If you can get into the VM, use the Control Panel to set up a new user password for the XPMode user (choose something that you CAN remember this time ). Then close down the VM. When you next start the VM, the password prompt should include a checkbox that asks if Windows should remember the password/credentials. Make sure this is ticked and supply the correct login details. The next time the VM starts, the saved credentials will be used automatically by Virtual PC. You can check this will happen every time by reviewing the Virtual PC settings for the VM. The settings dialog has an entry about saved credentials.

If you can't start the VM at all because you did in fact provide a password but forgot it, then (sigh) maybe you have to delete the VM and run the XP Mode installer to create a new one. Its called learning and growing. We get stronger for it.
My System SpecsSystem Spec
04 Jun 2016   #5
BigAlUK

Windows 7 Ultimate x64
 
 

About security...

If you really have managed to lock yourself out of a VM password-wise and there is stuff you cannot afford to lose - consider using the various available tools to open the virtual disk of the VM in the host as a "pseudo hard disk". You can then immediately get at all the files that are not locked from reading by security descriptors and/or associated password-protected certification and encryption.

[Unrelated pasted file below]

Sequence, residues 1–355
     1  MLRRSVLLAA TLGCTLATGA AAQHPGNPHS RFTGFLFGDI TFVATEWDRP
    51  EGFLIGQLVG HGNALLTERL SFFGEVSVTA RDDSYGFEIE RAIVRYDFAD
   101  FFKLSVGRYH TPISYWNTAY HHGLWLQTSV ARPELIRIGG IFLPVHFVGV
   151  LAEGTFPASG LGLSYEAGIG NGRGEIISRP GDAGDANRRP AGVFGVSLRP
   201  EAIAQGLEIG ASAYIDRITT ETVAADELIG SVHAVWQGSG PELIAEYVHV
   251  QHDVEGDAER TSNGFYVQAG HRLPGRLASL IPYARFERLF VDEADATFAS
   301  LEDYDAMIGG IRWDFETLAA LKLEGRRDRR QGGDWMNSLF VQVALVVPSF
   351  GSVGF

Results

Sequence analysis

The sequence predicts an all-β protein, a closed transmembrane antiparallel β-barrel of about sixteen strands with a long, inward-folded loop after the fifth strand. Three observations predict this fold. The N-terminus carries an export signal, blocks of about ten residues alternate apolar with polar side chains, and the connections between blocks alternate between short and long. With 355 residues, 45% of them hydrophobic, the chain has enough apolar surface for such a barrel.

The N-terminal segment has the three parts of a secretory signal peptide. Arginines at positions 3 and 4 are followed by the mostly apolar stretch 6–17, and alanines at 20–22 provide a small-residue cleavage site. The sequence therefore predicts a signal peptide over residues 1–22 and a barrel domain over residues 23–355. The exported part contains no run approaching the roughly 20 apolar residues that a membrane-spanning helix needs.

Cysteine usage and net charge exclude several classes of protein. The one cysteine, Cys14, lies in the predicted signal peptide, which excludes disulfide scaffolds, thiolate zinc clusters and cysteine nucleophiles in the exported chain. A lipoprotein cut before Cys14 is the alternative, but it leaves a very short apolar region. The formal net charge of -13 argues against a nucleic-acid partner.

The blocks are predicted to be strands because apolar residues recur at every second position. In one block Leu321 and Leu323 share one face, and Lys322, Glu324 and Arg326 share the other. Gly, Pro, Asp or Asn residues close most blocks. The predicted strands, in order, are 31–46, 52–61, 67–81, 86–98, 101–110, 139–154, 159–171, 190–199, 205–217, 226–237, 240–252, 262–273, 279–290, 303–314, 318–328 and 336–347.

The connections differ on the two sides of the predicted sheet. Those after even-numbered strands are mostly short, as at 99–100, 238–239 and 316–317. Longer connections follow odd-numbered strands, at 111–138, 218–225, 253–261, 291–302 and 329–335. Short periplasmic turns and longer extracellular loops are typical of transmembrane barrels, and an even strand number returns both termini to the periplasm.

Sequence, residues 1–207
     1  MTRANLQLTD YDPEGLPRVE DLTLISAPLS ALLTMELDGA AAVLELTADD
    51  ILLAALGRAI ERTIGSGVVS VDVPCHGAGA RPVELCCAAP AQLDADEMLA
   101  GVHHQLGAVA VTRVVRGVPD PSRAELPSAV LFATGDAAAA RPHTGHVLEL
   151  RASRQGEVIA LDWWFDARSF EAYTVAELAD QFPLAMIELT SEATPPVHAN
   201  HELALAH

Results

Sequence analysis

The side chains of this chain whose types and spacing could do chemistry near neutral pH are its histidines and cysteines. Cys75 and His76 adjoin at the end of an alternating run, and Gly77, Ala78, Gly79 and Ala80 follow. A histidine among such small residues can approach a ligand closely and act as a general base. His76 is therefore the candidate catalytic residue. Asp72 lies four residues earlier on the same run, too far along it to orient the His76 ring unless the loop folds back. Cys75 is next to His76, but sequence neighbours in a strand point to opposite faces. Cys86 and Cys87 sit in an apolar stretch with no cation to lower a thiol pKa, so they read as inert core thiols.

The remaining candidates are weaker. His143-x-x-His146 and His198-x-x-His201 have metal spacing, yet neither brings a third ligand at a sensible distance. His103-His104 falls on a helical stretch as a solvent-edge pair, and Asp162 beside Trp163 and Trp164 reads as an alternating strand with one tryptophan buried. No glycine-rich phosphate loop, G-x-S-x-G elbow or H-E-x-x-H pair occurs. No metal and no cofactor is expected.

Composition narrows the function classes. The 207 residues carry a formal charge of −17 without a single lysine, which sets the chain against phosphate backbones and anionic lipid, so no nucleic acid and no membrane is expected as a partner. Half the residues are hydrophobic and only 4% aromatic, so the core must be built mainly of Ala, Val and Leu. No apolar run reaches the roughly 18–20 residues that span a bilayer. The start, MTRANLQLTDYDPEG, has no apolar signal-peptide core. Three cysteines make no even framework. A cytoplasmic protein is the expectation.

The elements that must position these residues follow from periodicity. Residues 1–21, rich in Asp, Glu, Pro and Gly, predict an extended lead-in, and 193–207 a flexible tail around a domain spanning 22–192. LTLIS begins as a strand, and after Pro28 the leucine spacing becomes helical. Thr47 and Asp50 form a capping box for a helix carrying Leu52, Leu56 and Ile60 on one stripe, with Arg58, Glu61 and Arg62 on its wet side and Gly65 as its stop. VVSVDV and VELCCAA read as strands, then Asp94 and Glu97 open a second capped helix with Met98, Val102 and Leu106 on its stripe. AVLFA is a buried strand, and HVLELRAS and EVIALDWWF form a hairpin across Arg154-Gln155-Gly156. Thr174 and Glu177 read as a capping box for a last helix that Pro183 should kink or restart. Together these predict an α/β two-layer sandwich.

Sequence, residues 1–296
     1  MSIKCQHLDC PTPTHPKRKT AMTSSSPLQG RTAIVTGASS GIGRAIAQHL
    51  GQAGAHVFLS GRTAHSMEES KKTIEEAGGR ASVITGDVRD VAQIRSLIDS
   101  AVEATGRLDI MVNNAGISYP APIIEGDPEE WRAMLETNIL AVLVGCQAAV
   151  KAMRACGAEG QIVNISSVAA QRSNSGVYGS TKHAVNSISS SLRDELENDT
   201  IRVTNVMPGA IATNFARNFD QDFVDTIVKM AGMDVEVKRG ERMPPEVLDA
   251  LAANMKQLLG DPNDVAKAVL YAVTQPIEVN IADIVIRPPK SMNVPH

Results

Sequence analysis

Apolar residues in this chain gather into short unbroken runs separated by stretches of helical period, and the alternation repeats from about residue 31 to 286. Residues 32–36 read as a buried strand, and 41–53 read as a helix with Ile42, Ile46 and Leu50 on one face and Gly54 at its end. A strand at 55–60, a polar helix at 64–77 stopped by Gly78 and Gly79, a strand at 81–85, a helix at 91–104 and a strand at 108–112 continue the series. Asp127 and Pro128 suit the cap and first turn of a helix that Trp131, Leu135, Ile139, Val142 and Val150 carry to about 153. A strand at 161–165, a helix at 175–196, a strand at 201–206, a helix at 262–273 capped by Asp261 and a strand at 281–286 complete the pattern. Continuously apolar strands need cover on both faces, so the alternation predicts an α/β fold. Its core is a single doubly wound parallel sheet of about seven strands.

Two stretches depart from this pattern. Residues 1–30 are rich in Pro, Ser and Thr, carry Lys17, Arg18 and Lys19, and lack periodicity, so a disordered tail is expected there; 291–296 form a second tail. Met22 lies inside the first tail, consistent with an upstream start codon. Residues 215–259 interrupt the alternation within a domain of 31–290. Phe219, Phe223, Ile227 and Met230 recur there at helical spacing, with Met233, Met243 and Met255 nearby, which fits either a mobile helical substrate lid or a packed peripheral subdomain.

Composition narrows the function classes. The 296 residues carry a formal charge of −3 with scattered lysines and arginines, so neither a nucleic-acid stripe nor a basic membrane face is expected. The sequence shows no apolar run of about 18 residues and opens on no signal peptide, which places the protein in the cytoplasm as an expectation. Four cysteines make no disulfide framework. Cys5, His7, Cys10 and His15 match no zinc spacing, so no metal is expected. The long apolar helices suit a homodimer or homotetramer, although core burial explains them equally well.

To get at those more difficult files, you really need to either get at the encryption certificates (which I believe you will need the VM running and logged-in to get at), or (duh) actually log in to the VM using the correct password (in which case you do not need to "get at" the certificates, as you are already using them!). Word to the wise: it is a good idea to save encryption certificates from your installation to a flash drive, so that you can use it to load said certificates to a future potential host system being used for recovery operations . If you regularly encrypt entire hard drives, then this should be a must if you want them to be so easily recoverable!